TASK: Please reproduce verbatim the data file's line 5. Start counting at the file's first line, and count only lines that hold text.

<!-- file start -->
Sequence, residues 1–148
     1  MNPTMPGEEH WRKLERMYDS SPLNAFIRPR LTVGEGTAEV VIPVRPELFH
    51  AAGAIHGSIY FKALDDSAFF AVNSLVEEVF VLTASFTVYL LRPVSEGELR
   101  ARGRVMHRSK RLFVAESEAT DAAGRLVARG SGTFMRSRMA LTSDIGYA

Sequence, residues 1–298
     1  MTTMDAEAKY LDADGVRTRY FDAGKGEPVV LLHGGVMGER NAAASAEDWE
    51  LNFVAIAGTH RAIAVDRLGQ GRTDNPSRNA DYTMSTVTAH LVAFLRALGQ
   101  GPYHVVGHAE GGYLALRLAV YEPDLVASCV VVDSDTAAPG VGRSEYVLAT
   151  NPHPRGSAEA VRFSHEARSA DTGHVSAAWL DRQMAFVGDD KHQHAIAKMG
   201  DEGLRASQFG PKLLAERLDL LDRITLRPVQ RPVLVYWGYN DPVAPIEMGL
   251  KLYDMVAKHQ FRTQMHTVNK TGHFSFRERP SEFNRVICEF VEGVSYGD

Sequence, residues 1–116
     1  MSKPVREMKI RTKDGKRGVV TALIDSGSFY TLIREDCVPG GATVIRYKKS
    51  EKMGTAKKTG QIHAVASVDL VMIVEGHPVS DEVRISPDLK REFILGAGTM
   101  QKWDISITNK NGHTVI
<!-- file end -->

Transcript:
Sequence, residues 1–298